Brooklyn Bowl’s owner thinks he can build a better social network for music fans

Peter Shapiro's new startup Fans is backed by the likes of early Facebook investor (and musician) Roger McNamee and music marketing company Wonderful Union.

Brooklyn Bowl owner and Fans founder Peter Shapiro.

(Photo by Dino Perrucci)

Brooklyn Bowl owner Peter Shapiro is a jam band connoisseur, and he’s looking to find others who are just as hardcore into Phish and the Grateful Dead as he is.
That’s why he founded Fans, which launches today with a website and an iPhone app. On the social network, which is headquartered in Manhattan, where Shapiro lives, music fans can list concerts they’ve attended, tag events they’d like to check out and share photos, videos, news, and reviews of artists.
Mmm, social network fatigue. (We’re reminded of how venture capitalist Charlie O’Donnell expressed skepticism about tired startup models at his most recent #notapitch event.) But according to Shapiro, who previously spoke with the New York Times about his new venture, social networks like Facebook and Twitter aren’t very good places for serious music fans to obsess over their favorite artists. In a letter on, he wrote about the moment when he realized that void.
“The morning after Robert Plant played at Brooklyn Bowl on Oct. 9, 2014, I woke up at 6AM and grabbed my phone to search for photos and reviews of the show, but couldn’t find anything,” Shapiro’s letter reads. “Facebook, Instagram and other platforms are great, but they weren’t developed specifically for us as fans.”
A handful of investors agree. Shapiro said Fans has raised “several million dollars” but declined to give a specific number. Investors include music-marketing company Wonderful Union, which has worked with Drake and Miley Cyrus, and Roger McNamee, cofounder of Silicon Valley venture capital firm Elevation Partners, who is a musician himself. Facebook is among McNamee’s past investments. Shapiro’s company Dayglo Ventures, a holding company for Shapiro’s ventures, has also invested money.
Shapiro’s experience operating several music venues and festivals gives him particular insight into the marketing needs of event promoters and venue owners. In addition to Brooklyn Bowl, he owns the Capitol Theatre in Port Chester, N.Y., and the Lockn’ festival in Arrington, Va., which features jam bands. (Investor McNamee will actually be playing at the Lockn’ festival on Sunday as half of the Doobie Decimal System.)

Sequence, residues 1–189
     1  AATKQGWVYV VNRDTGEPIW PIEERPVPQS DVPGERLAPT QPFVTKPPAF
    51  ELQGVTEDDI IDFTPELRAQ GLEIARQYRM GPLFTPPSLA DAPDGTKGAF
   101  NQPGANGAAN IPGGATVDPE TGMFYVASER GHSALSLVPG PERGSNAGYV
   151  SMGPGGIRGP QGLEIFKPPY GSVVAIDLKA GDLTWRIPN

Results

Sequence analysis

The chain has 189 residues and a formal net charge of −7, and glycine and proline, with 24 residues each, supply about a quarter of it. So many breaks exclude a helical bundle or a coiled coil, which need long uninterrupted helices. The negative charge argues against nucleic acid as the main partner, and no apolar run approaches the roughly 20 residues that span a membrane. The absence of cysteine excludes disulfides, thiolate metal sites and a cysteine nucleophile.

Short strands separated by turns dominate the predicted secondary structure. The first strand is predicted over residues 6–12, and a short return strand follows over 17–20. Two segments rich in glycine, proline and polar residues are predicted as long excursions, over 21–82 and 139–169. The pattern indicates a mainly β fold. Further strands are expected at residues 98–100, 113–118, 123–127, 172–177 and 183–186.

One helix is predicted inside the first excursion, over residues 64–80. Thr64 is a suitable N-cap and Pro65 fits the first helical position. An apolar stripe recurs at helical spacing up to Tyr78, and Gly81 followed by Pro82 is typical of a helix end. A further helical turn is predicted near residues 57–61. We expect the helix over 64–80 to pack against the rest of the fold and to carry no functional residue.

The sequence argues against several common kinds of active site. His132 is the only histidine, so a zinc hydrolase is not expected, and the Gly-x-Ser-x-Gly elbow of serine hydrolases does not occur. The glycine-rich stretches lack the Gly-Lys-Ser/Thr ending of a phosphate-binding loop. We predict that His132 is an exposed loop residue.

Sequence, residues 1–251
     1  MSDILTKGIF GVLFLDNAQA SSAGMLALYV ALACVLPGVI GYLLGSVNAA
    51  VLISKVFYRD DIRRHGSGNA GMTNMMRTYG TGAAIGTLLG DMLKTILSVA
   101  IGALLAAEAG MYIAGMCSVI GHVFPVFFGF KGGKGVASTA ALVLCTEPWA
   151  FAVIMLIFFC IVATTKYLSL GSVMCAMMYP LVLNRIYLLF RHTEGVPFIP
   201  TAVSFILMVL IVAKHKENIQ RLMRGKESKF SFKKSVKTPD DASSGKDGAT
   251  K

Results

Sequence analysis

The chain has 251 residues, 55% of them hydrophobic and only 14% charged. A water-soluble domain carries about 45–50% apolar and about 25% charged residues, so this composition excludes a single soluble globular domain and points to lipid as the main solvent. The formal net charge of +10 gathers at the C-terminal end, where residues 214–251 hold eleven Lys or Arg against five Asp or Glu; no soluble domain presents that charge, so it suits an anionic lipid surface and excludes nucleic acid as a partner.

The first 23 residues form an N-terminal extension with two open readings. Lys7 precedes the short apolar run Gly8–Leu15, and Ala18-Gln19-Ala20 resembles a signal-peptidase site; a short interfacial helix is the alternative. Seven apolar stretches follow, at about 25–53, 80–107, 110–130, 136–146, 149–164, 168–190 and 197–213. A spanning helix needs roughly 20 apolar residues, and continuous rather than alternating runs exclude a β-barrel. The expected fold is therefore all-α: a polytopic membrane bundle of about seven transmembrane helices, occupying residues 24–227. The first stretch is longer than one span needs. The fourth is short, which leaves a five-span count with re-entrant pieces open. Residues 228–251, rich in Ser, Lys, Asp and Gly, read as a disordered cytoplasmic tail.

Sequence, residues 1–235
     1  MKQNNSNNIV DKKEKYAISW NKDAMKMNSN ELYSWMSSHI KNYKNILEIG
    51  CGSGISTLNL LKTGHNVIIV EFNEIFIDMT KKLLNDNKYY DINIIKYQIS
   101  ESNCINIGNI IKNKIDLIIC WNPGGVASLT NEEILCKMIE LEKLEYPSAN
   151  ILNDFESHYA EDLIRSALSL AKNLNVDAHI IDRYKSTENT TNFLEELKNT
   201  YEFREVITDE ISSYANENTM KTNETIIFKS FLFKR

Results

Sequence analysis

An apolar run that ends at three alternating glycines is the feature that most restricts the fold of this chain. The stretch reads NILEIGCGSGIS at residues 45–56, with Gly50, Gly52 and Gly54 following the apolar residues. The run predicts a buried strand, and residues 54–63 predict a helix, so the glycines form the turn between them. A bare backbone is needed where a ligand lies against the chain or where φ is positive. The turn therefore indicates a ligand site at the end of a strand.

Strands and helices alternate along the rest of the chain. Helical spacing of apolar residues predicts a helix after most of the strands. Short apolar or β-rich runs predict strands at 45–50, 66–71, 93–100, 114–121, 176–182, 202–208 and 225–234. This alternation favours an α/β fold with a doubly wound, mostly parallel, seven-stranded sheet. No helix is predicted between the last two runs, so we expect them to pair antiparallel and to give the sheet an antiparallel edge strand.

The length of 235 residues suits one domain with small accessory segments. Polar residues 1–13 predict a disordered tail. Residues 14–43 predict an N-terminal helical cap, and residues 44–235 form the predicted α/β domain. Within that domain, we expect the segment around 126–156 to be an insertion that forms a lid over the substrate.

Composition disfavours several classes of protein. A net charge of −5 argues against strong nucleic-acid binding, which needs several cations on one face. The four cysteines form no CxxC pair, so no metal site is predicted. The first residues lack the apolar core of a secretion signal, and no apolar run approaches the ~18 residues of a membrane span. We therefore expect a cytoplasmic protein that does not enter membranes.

His cofounder, Seth Schiesel, is a former New York Times reporter and critic, plus a fellow jam band fan.
Shapiro told via email that one of his goals is to make Fans a place for festival goers to exchange information before and after the event, in order to sustain buzz throughout the year. The site is launching, in fact, with a livestream of the Lockn’ lineup, which includes Phish and My Morning Jacket. Shapiro expects that festivals will make up a significant portion of activity on Fans’ platform.


“These days, people are attending three to four big festivals a year to see live music, which is much more than when I first came onto the scene,” he wrote.

There are other companies geared toward connecting music fans to live events, like Dumbo-based Songkick and Manhattan-based Bandsintown, and none of them are quite household names (at least just yet). Shapiro told via email that Fans is different from those sites, because it focuses on more than finding new concerts and events. In general, according to Shapiro, sites geared to music fans tend to be narrow in their approach, either focusing on one artist or genre, or one aspect of fandom, like events. Fans, by contrast, has more than a million artists in its database.

“Going wide AND deep in our offering was important to us from the beginning, and is why we put so much time and energy into the product,” Shapiro wrote.

Shapiro doesn’t yet have a revenue model in place for Fans. But, he told, he believes the community of music lovers Fans is building, as well as the data it will capture on their music preferences and habits, will be valuable to others in the industry. Indeed, data analytics is a growing field of interest within the music industry, as artists, labels and event promoters seek to identify their most loyal fans. Other companies, such as Pandora, have begun selling services along these lines. Pandora also owns Manhattan-based Next Big Sound, which tracks streaming music and social media activity to identity emerging artists.
Although Fans is based in Manhattan, Shapiro told his experience in the Brooklyn music scene has shaped his approach to the service.
Brooklyn is home to every type of music and has fans across all genres,” he wrote. “You can see an ALO gig in Williamsburg at Brooklyn Bowl then head straight to Barclays for a massive punk show with All Time Low. No matter what type of fan, they’re all looking for the same thing: a sense of community and a place to call home.”

Subscribe to our Newsletters
Technically Media
Connect with companies from the community
New call-to-action